W3C home > Mailing lists > Public > public-houdini@w3.org > April 2015

RE: [parser-api] Polyfilling CSS

From: François REMY <francois.remy.dev@outlook.com>
Date: Sat, 4 Apr 2015 16:36:00 +0200
Message-ID: <DUB130-W633FCB3189757C8817D205A5F00@phx.gbl>
To: Paul Irish <paul.irish@gmail.com>, "public-houdini@w3.org" <public-houdini@w3.org>
Hi Paul,

> If you look at most of the polyfills listed in the CSS section here:
> https://github.com/Modernizr/Modernizr/wiki/HTML5-Cross-Browser-Polyfills#css-core-modules

I didn't know about that polyfill list, it's an amazing work!

> … you'll find that nearly all of them ship with their own CSS parser, 
> written in JS. (Typically using either glazman's or Tab's). 
> Naturally, they also have to XHR in current stylesheets and deal 
> with CORS and all that. :)
> You've probably heard of most popular of these: Respond.js. 
> This stuff is so common Philip Walton wrote a single library to automate 
> this stuff: http://philipwalton.github.io/polyfill/But obviously, the total
> filesize and execution overhead for all this work is considerable. 
> So houdini has an opportunity to address this.  
> Brian Kardell pointed me to the Sydney discussions on a CSS Parser API 
> which has me quite excited. Much of the discussion was around tooling
> needs from the parser, but I wanted to share this developer-driven need.
> Primary usecase:I want to keep all my style information in the stylesheet, 
> even things not consistently supported across all browsers. I want to 
> drop in a JS polyfill for those ones.I need a hook for unrecognized 
> items like rulesets, @at-rules and selectors.For rulesets, I want a 
> mechanism to address matching elements.
> Thanks!

 I can share my two cents here, while I believe a native CSS Parser API 
would be a nice to have (I hope work is still going on following the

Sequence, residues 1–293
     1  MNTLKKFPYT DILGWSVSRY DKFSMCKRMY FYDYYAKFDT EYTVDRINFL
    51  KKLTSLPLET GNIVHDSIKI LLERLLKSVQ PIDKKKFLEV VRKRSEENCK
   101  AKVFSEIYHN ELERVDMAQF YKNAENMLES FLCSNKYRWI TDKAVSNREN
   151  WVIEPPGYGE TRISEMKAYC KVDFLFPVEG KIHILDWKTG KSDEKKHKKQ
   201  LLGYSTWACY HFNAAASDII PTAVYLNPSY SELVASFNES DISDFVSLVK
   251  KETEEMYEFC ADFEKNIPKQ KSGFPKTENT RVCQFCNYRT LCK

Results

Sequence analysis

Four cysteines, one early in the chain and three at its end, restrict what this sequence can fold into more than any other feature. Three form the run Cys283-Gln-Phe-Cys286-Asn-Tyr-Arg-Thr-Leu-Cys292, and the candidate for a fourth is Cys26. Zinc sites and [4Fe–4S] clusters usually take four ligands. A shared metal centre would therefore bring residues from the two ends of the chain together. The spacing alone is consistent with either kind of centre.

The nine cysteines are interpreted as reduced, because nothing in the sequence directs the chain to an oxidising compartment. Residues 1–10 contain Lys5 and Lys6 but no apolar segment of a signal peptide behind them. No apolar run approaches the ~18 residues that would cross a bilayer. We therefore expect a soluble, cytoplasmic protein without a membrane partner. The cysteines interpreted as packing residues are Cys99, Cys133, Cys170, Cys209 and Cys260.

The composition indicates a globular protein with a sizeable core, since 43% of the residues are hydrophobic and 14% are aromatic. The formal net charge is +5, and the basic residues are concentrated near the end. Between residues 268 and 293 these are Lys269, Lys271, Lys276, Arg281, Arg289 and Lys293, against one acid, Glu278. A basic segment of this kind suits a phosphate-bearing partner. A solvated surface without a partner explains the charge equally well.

last houdini meeting), I can also share with you that the number one 
reason why people don't want to use my polyfills is that they try to 
parse the stylesheets client-side and do heavy work to make sense out of
 them. The number two slowing down their page load, and the number three being 
they serve their CSS without CORS and have issues for this reason.

 having native API would help, this would not be sufficient as CORS 
stylesheets cannot be exposed to arbitrary JS code without security 

For this reason, I've been convince since a few months
 now that the solution was to find using a grunt pre-processing tool 
which would parse the stylesheets and output a list of things to execute
 to polyfill that particular stylesheet instead of a generic engine that
 parse the stylesheets, and try to evaluate it.

The performance 
gain from this approach would be enormous, similar to how parsing your 
Ember/Angular/Knockout templates should be done ahead of time and not 
repeated client-side on each page load. We don't convert LESS to CSS client-side, nor do we run Traceur ES6 converter on each page load, I'm more and more convince we shouldn't either for futurizing CSS files.

I still
 haven't made plans for the next week (I'm finally on vacation for 5 
days!) but one of the things on the top of my mind would be to make a 
first implementation of such a preprocessor (though it may not fit the 
limited amount of days and all the other things I want to do within those days, I need to apply more scheduling here). Anyway, the point was that when/if I get something done, I will share the results here as a comparison point.

Best regards,
Received on Saturday, 4 April 2015 14:36:28 UTC

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